Algorithms and Systems for Big Data Management

Software Systems
Advanced studies
Big data is a broad term for data sets so large or complex that traditional data processing applications are inadequate. This course will examine the current and emerging algorithms and systems for big data management. Included topics are: data sampling and sketch algorithms, NoSQL systems (e.g., key-value stores, column-oriented data stores, and document stores), XML and JSON databases. The course will consist of lectures and assignments.


21.12.2016 08.00 CK112
Year Semester Date Period Language In charge
2016 autumn 31.10-14.12. 2-2 English Jiaheng Lu


Time Room Lecturer Date
Mon 12-14 C222 Jiaheng Lu 31.10.2016-14.12.2016
Wed 12-14 C222 Jiaheng Lu 31.10.2016-14.12.2016

Information for international students

This course is entirely in English.


We are in the era of “big data”. Data sets grow fast in size because they are increasingly being gathered by cheap and numerous information-sensing mobile devices, remote sensing, software logs, cameras, microphones, and wireless sensor networks. Most big data environments go beyond relational databases and traditional data warehouse platforms. The increasing focus on big data is shaping new algorithms and techniques. This course will mainly discuss some selected algorithms and systems on big data management, including  data sketches algorithms, NoSQL database systems and semi-structured data stores for XML and JSON documents, GFS and MapReduce framework.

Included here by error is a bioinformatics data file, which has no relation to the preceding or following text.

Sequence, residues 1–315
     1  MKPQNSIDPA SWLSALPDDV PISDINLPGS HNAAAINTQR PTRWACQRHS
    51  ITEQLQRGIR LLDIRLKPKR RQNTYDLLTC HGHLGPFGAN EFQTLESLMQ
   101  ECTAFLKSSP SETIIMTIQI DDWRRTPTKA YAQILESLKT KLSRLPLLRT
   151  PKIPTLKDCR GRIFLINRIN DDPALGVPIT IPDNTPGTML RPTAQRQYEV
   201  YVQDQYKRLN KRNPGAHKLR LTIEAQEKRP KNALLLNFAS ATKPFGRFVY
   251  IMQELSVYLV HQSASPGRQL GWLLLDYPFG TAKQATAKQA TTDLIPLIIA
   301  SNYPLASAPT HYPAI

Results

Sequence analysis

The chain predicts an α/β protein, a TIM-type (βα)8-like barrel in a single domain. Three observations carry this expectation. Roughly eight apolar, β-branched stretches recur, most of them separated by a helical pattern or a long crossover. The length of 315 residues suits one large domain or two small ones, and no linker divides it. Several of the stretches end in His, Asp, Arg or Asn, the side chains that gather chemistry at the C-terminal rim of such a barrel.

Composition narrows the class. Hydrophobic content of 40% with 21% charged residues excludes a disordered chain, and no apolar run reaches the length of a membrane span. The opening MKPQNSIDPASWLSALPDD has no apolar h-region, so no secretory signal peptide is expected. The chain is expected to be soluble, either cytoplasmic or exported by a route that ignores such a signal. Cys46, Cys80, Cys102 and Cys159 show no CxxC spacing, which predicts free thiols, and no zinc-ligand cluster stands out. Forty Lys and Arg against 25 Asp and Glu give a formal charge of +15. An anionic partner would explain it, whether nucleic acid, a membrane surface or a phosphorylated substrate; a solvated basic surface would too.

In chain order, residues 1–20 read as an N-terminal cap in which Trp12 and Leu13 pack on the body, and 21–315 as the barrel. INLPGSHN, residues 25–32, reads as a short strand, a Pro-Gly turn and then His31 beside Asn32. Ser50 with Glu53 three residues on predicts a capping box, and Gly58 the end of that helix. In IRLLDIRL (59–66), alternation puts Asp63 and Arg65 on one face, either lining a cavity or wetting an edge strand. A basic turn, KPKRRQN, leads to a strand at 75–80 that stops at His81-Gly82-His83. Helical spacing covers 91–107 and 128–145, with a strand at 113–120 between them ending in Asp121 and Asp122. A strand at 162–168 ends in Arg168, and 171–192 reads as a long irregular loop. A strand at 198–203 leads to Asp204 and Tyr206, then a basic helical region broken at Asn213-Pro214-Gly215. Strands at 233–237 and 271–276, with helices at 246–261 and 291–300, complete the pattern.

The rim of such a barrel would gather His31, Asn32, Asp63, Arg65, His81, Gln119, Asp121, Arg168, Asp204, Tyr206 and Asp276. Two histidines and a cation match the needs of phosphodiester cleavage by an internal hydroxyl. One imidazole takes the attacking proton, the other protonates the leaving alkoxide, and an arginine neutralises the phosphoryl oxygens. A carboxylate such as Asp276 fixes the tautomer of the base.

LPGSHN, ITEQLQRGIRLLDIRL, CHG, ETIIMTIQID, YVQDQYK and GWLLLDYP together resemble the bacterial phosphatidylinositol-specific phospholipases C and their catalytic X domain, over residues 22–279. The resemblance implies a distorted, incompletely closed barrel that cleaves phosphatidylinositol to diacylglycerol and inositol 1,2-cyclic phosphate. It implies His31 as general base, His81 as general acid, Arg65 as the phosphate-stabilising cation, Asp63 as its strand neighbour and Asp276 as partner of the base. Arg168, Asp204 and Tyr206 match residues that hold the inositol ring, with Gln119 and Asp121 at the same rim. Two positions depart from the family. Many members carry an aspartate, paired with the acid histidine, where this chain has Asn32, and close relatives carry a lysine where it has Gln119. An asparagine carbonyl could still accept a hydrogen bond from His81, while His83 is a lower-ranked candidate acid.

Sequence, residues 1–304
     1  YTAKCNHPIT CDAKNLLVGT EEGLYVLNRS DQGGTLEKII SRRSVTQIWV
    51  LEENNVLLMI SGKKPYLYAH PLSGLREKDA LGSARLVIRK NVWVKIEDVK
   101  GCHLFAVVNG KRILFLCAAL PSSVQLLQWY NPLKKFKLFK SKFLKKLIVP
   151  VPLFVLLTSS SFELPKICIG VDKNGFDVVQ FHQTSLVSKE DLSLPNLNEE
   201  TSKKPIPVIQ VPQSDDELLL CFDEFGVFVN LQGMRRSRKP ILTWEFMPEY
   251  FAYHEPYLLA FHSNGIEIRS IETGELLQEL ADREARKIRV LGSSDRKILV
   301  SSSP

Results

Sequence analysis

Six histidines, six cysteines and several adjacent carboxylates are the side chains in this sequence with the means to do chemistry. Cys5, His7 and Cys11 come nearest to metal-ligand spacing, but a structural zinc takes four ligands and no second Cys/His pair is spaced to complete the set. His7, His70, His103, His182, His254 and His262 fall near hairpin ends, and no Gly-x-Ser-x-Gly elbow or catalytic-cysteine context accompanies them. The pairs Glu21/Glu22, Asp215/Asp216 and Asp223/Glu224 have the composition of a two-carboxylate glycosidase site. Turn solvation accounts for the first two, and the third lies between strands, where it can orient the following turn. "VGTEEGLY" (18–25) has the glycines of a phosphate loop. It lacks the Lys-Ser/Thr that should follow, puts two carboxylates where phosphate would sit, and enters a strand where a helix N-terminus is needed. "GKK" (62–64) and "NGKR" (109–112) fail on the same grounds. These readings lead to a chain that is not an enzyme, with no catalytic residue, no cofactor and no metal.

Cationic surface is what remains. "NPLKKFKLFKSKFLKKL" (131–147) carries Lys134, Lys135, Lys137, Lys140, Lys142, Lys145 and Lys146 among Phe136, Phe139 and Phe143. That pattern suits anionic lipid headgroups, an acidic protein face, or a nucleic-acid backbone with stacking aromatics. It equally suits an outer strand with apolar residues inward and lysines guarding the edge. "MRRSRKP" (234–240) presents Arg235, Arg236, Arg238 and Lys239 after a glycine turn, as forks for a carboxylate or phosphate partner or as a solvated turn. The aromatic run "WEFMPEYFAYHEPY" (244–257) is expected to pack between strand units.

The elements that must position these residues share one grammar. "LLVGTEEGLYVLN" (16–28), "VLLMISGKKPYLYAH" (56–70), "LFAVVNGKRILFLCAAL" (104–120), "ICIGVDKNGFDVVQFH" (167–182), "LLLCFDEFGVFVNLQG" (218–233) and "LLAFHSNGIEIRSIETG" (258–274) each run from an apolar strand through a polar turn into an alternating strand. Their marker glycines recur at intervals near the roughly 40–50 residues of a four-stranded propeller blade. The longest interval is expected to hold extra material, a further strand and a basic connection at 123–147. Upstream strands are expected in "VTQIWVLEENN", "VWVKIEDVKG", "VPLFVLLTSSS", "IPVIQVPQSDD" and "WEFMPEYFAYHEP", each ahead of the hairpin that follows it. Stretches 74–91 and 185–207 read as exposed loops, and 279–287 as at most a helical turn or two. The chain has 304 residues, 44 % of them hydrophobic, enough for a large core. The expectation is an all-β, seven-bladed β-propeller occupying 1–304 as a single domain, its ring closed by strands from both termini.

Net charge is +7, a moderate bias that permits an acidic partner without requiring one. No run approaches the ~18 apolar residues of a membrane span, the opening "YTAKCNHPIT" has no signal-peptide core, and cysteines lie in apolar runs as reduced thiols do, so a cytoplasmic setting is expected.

At the end of this course, you will be able to:
 * Recognize different data elements in your own work and in everyday life problems;
 * Identify the frequent data operations required for various types of data;
 * Select a data model to suit the characteristics of your data;
 * Understand sketch techniques to handle streaming data, including Count-Min, Count-Sketch and FM Sketch;
 Understand GFS, Mapreduce and Bigtable technology
 * Gain hands-on experience for Hadoop mapreduce programming
 * Differentiate between a traditional Database Management System and a Big Data Management System
 * Appreciate why there are so many data management systems